The Walking Dead: Episode One Ė A New Day |
Based on the Eisner award-winning comic book series with an AMC television adaptation of the same name, The Walking Dead is an episodic horror action adventure game by Telltale Games of Sam & Max fame, taking place at the onset of the zombie apocalypse preceding the events of the comics and TV show. Given that Telltale is best known for its graphic adventure games, itís not surprising that The Walking Dead isnít your traditional zombie apocalypse shooter.
Thatís not to say that The Walking Dead isnít full of zombie-stomping goodness. Youíll still get plenty of action: the game certainly doesnít shy away from having the player graphically take a hammer to a teenaged walkerís face, for instance, and slow reflexes can still get you eaten alive. What sets The Walking Dead apart, though, is that itís not all about the violence. The Walking Dead sets out to flesh out the events immediately preceding the comic and TV series and does a fantastic job of creating emotional impact and a sense of responsibility for your in-game choices.
The cast of new characters, with a few cameos by characters from the comics and TV show, are generally both believable and sympathetic, thanks to solid writing and voice acting. As Lee Everett, a convict who is unexpectedly given a second chance when zombies attack Atlanta, Georgia, the player has numerous chances to define the kind of man Lee turns out to be. Conversation replies and plot choices are timed, cleverly creating realistic tension by allowing only a few seconds to make critical decisionsósuch as whether Lee tells someone the truth about his past, who he sides with in an argument, or whose life he savesóand Telltale promises us that these choices will have an impact on how the other four upcoming episodes play out.
Where other adventure games may have players hunting for random gewgaws to solve outlandish puzzles, The Walking Dead keeps it relatively straightforward and practical. Youíll find Lee looking for batteries for a dead radio, figuring out how to dispatch a gaggle of walkers without causing too much noise, or hunting down keys to unlock an office door. If youíre used to playing adventure games, youíll find this one pretty easy.
The lack of challenging puzzles, however, is balanced with a genuinely creepy ambiance, top-notch storytelling, and some honest-to-goodness combat scenes that require faster thinking to move, aim that reticle, and make judicious use of the axe or screwdriver you picked up earlier before Lee becomes zombie food. This is sometimes easier said than done, as the interface, while generally decent for ordinary exploration, is less helpful for taking decisive action.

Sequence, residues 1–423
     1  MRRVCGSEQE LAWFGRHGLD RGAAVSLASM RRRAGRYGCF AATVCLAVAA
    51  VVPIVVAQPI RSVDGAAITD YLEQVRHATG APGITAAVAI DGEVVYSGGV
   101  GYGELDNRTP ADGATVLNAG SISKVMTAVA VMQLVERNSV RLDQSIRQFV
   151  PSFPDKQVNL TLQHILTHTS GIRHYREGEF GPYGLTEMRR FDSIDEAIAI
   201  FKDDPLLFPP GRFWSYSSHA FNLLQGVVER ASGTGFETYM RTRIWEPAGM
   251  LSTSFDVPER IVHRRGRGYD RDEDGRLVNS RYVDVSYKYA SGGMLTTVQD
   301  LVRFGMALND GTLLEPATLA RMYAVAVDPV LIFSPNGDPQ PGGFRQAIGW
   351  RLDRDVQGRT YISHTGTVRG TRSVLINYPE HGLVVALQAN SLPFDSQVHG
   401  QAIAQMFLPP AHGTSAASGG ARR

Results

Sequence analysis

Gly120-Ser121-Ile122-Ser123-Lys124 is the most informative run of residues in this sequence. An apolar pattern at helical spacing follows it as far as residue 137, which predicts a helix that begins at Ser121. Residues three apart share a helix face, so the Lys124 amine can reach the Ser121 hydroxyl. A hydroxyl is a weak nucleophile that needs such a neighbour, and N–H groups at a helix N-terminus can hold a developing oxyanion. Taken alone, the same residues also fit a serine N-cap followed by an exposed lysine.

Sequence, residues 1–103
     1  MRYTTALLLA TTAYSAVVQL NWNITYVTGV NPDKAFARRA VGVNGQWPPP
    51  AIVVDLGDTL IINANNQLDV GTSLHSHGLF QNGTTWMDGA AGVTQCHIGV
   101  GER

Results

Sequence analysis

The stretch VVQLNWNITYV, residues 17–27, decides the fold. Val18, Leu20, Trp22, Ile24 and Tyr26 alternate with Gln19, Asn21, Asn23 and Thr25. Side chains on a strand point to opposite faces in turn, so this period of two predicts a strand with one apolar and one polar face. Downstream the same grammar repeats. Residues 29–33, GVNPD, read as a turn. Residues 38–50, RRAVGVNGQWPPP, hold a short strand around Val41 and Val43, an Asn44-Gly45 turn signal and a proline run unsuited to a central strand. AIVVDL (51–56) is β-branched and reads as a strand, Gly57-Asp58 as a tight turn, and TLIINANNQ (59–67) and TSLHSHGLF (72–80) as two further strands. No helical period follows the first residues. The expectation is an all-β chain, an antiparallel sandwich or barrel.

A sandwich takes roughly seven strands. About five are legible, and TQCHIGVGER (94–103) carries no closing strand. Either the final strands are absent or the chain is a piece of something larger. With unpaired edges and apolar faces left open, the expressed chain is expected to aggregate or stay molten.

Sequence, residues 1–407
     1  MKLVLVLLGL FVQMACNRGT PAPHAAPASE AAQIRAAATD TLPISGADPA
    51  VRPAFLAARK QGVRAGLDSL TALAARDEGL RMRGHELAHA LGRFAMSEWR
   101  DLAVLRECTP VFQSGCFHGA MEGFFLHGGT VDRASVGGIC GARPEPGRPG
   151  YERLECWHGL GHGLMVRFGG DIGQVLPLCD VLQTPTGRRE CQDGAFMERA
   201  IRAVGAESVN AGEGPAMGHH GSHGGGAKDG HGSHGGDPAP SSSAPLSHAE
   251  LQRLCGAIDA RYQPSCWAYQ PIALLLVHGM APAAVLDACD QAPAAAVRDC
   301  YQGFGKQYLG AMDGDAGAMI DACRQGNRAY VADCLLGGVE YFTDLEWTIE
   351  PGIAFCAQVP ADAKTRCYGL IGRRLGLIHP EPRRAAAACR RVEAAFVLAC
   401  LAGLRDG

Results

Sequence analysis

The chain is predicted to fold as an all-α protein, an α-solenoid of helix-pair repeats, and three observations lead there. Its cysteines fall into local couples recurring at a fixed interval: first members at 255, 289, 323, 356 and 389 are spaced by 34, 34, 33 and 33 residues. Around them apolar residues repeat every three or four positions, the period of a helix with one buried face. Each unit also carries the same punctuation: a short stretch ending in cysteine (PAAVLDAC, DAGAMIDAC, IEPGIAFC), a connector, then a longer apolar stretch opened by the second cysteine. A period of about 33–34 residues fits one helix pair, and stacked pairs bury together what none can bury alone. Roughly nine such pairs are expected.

Not only is it sometimes difficult to see during these critical moments because theyíre often dark and laced with a blurring effect, itís just a tad awkward to both aim with the right thumb stick and activate the A button with the same hand on a moving target. Itís manageable once you get the hang of it, but Iíd have far preferred using the right trigger instead for those faster-paced segments.
The art, sound, and overall presentation are outstanding, however. While rendered in 3D, the graphics achieve a gritty, hand-drawn look with ink-lined and painted textures that fit really well with the gameís comic-book roots, and the lifelike animations, desaturated colors, and detail-packed post-apocalyptic rural and small-town environments really bring The Walking Deadís Southern setting to life.
Episode One goes for 400 Microsoft Points ($5.00 US dollars) and a single play-through took me about three hours. With all the branching in-game choices and three save slots, though, thereís significant incentive to replay the game. For the price of a large espresso beverage, itís not a bad deal for the enjoyment I got from this game. You may wonder if itís important to have read the comics or watched the TV show, but Iíll be honest with you: though The Walking Dead is on my Netflix instant queue and the comics on my endless to-read list, other than having an interest in the series, I hadnít actually had any experience with either one before taking on this review. Even so though, any cameo characters were as new to me as the rest, I didnít feel at all lost, left out, or spoiled for being new to the series. As far as I can tell, the game is as good a starting point as any for introducing players to the story and setting.
In closing, The Walking Dead: Episode One Ė A New Day is a surprisingly fun and unusual take on a zombie/horror survival game, and I enjoyed it immensely. I was unexpectedly attached to my version of Lee Everett by the end of that first installment, and it was fun to see how my choices compared to those of all other players at the end of the episode. Iíd highly recommend this one if youíve got a free evening to spare. Hereís looking forward to Episode Two!